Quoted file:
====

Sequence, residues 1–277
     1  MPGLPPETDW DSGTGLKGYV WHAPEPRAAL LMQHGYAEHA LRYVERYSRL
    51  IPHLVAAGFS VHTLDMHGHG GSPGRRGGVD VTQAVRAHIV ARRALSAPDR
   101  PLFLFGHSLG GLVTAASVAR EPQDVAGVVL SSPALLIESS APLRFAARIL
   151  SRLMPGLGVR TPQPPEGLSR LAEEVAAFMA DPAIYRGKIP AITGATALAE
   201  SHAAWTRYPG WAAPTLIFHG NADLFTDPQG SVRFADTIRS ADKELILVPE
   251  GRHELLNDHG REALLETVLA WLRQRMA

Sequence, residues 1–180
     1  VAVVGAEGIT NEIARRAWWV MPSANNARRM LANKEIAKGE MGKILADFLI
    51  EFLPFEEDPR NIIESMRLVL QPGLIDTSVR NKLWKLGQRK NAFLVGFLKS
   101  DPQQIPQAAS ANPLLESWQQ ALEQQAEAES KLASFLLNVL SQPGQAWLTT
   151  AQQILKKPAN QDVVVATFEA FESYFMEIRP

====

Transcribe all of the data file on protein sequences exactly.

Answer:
Sequence, residues 1–277
     1  MPGLPPETDW DSGTGLKGYV WHAPEPRAAL LMQHGYAEHA LRYVERYSRL
    51  IPHLVAAGFS VHTLDMHGHG GSPGRRGGVD VTQAVRAHIV ARRALSAPDR
   101  PLFLFGHSLG GLVTAASVAR EPQDVAGVVL SSPALLIESS APLRFAARIL
   151  SRLMPGLGVR TPQPPEGLSR LAEEVAAFMA DPAIYRGKIP AITGATALAE
   201  SHAAWTRYPG WAAPTLIFHG NADLFTDPQG SVRFADTIRS ADKELILVPE
   251  GRHELLNDHG REALLETVLA WLRQRMA

Sequence, residues 1–180
     1  VAVVGAEGIT NEIARRAWWV MPSANNARRM LANKEIAKGE MGKILADFLI
    51  EFLPFEEDPR NIIESMRLVL QPGLIDTSVR NKLWKLGQRK NAFLVGFLKS
   101  DPQQIPQAAS ANPLLESWQQ ALEQQAEAES KLASFLLNVL SQPGQAWLTT
   151  AQQILKKPAN QDVVVATFEA FESYFMEIRP